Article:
Friday, August 28, 2015
Swept Away (1974) A Film by Lina Wertmüller
After a prelude aboard a ship full of Italian literati quarreling about politics somewhere in the gleaming Mediterranean, Swept Away takes the path not travelled by L’Avventura, imagining Antonioni’s narrative absence—the vanished beauty—as the focal point. Whatever ambiguities the earlier film left dangling with regard to the relative value of the privileged classes are swiftly bulldozed over by director Lina Wertmüller’s gambit of teaming up the materialistic heroine (Mariangela Melato’s Raffaella) with the working-class ruffian (Giancarlo Giannini’s Gennarino) tasked with manning her personal motorized rowboat—a trip intended as an easygoing afternoon sojourn that goes awry when they lose track of their home base. It’s a facile setup—capitalism and communism forced to collaborate!—that Wertmüller takes glee in probing from all sides, then picking apart until the central dichotomy evaporates and reveals sedimentary layers of power relationships. Right off the bat, Raffaella’s shrillness as a bourgeois caricature makes it easy to side with Gennarino’s barked indictments of her cultural ignorance, as well as to applaud his reflexive ability to enter survival mode against her preference for hysterics and constant cosmetic self-interest. But when the duo stations on an island, the rocky geography of which offers Wertmüller ample opportunity to encode power shifts as high-low spatial dynamics, Gennarino’s rhetoric and behavior abruptly veer toward the sadistically authoritarian—his perceived righteous vengeance for the accumulated sins of the upper-middle-class enacted on the Good People of Italy.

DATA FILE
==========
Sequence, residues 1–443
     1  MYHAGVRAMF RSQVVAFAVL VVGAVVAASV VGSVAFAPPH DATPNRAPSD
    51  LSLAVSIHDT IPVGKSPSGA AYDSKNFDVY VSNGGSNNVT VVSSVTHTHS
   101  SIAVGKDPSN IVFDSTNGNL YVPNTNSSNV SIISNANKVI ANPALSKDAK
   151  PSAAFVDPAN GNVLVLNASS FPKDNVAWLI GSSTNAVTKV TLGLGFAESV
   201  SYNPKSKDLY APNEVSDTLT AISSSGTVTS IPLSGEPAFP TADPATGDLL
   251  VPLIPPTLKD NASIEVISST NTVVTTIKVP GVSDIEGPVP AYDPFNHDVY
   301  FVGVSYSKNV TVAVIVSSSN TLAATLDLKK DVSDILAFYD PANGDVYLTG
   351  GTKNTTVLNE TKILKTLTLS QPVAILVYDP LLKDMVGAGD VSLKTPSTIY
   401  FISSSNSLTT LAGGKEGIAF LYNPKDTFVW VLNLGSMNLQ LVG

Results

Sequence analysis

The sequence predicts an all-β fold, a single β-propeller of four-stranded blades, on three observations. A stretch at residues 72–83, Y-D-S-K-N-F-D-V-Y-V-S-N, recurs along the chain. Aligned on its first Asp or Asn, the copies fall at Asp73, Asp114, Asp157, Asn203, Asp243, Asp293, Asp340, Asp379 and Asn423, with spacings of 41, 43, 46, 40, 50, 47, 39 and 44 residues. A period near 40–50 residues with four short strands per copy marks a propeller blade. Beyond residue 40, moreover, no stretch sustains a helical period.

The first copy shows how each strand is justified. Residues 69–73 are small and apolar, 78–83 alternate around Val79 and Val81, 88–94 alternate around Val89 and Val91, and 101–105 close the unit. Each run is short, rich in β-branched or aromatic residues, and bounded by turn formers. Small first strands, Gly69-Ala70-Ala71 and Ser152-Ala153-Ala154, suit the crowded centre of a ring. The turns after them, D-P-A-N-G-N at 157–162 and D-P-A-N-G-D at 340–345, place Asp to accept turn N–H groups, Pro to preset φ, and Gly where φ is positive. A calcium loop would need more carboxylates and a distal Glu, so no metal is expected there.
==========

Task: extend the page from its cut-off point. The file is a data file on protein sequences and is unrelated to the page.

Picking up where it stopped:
Swept Away’s action gets progressively thornier (Gennarino’s revenge fantasy goes unchecked, basically), and with it the angle of the film’s attack deepens. What begins as a takedown of materialism evolves into an expose on the horrific means and ends of masculine power, then a broader critique of the perils of having authority in general, then ultimately the deduction that the implicit codes of society itself are the greatest evil. As Gennarino wills Raffaella under a spell of carnal lust and the two arrive at a perverted but strangely effective co-dependence, Wertmüller’s implication is that the pair has devolved back to a nascent, animalistic state, composed in part of Adam and Eve’s spiritual purity and Neanderthalian barbarity. (A lengthy close-up of the impassioned lovers framed against the roaring glow of a fire in the background christens the mythical mood accordingly.) But even in this newfound harmony, Gennarino’s glaring misogyny persists, while Raffaella never gets a comparable chance to own any persona other than subservience. If Wertmüller’s recurrent staging of Gennarino looking down on Raffaella either mid-coitus or from atop a rocky perch are meant to taken ironically, there’s no leavening impression of Raffaella ever gaining agency as an individual (the closest the film gets to elevating her out of servility is the suggestion, wrung out in a series of high-angle shots of the characters wrestling in sand, that both characters have become equally debased).
In the uncivilized utopia that Swept Away posits as an alternative to the corrupted societal infrastructure, women still play second fiddle to men, a strange proposition coming from a female filmmaker but one that seems aligned to the more regressive extremes of the era’s radical politics. It’s possible that the final sequence—which finds Gennarino, now rescued and reunited with his wife, attempting to escape again with Raffaella only to be thwarted by her last-minute departure by helicopter—is meant as an indication of the victory of the female over the oppressiveness of the male (as well as an amusing comment on the luxuries of the capitalist, always able to just phone in expensive transportation to ascend above a situation literally and figuratively). But that reading is dissolved by Wertmüller’s decision to spend the last few minutes of the movie with the mopey and reproachful Gennarino, a misplacement of empathy that lands the final blow to this adroitly cynical but ultimately wrongheaded experiment in allegorical melodrama.
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